Posted on May 26, 2014
Image Credit: © Dreamstime.com
Posted on May 26, 2014
If you’re in the process of selling a dental practice, it’s likely that you’re feeling a little stress. One of the easiest and most effective methods to reduce stress during a transition is journaling. Not only does journaling provide an outlet for stress but it is also a proven tool to boost productivity in your work day. It clears your mind and allows you to look at things from a fresh perspective. Sometimes just the act of writing down what you’re concerned about can help you discern a solution.
While there are three different types of journaling that are most effective at relieving stress, journaling can be as simple as making a to-do list.
Here are three examples of journaling styles you can try:
Free Thought Journaling
Free thought journaling can be done first thing in the morning or at night before bed. Author Julia Cameron is a big believer in what she calls “Morning Pages.” These are three pages of journaling first thing in the morning. Put everything that’s on your mind down on paper and keep writing until you have filled three notebook pages or until 30 minutes have passed. At some point you will find that something shifts and creativity starts to flow, bringing forth new ideas and solutions to situations you may be struggling with during this transition.
Another benefit to the morning pages method is that it gets all of the “to-do list” items out of your mind and on to paper. This frees your mind and allows for increased productivity as you take care of patients during your day. With the menial tasks out of your mind and on paper, more important things can be attended to.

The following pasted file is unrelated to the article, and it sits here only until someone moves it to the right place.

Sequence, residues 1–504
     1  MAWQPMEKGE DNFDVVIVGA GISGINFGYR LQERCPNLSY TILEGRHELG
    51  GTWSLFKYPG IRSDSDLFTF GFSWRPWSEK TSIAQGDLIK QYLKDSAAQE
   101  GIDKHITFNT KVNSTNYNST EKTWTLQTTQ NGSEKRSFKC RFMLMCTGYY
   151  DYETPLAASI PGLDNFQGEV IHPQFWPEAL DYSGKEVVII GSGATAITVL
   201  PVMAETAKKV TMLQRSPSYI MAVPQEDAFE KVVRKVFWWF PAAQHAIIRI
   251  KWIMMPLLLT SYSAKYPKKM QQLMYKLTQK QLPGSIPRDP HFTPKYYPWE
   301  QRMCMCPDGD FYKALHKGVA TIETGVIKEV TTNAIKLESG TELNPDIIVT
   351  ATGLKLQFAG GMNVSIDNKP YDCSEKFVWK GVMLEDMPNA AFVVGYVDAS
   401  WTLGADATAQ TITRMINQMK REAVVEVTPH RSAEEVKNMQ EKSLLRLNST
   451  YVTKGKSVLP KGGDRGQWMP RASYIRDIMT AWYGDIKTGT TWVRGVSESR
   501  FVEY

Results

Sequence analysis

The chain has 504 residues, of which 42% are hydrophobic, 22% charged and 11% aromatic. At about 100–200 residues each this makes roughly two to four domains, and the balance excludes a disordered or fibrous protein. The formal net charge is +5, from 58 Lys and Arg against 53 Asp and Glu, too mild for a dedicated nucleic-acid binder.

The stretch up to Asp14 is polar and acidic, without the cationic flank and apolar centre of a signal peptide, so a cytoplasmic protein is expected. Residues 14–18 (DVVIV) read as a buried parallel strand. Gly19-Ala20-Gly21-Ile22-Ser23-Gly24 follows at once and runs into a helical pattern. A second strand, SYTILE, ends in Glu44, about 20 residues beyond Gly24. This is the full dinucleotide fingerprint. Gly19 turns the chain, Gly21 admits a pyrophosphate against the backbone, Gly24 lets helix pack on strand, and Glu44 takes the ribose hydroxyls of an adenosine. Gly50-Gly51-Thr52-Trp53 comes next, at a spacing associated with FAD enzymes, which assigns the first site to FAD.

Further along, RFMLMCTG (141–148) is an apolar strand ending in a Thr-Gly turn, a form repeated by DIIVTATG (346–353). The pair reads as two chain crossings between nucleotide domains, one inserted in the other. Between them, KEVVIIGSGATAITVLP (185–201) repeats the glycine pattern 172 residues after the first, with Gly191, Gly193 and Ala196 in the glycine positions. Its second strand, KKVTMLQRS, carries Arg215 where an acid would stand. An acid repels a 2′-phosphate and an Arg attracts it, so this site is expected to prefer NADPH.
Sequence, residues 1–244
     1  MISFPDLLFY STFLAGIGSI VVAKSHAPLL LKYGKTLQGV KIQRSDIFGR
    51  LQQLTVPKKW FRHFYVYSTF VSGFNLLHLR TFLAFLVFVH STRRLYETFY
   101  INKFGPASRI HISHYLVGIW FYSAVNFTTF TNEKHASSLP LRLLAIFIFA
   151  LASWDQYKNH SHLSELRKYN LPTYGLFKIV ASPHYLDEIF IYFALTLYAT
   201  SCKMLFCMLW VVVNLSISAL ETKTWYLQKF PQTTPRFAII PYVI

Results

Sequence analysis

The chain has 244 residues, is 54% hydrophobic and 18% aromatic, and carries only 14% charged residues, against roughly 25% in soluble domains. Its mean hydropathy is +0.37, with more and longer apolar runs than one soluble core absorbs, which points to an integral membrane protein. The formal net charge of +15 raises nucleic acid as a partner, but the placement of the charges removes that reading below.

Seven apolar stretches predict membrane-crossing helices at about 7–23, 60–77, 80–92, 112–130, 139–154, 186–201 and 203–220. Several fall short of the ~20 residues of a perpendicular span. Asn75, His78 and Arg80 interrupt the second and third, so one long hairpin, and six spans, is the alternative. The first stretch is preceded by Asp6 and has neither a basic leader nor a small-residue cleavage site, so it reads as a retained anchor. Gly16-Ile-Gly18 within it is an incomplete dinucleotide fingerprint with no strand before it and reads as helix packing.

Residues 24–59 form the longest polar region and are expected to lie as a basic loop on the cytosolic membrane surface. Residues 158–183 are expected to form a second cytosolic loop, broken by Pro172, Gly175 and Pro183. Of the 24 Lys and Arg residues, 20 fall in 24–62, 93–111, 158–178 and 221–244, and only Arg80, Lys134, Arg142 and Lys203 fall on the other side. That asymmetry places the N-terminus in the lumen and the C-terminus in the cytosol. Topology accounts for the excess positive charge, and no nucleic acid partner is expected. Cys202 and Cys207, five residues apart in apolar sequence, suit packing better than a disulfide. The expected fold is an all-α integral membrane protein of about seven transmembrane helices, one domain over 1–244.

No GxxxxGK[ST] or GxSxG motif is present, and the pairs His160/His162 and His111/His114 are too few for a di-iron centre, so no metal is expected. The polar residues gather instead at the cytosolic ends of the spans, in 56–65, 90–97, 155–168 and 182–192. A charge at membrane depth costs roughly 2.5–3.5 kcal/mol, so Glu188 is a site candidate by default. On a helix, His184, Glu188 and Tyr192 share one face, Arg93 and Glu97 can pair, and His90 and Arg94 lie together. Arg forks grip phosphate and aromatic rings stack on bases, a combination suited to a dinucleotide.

The gratitude journal has become very popular in recent years, with good cause. The act of stopping each day to reflect on the good things that have happened and the things you are grateful for can help with feelings of frustration or sadness. At the end of your day write down those positive things that happened that you are grateful for. It could be as simple as that reassuring meeting you had with your local dental broker or attending a child’s birthday party. The point is to find a positive moment and write it down. When you’re having a particularly bad day you will find added benefit in being able to go back and re-read your gratitude lists.
The process of selling your dental practice can be consuming and filled with details. Keeping a journal to record everything that is discussed, agreed upon, and any questions that may arise is a great way to keep the process more organized. Keep everything related to the transition in one simple spiral notebook. You can create two separate sections of the notebook, one for things pertinent to selling your practice and the other can be a space to note places you want to go and things you want to do after the transition.
Most people see benefits very quickly with journaling. Find a system that works for you and your schedule, whether it’s alternating days and styles or sticking with one system and doing it daily. The important thing is to get what’s on your mind onto the paper.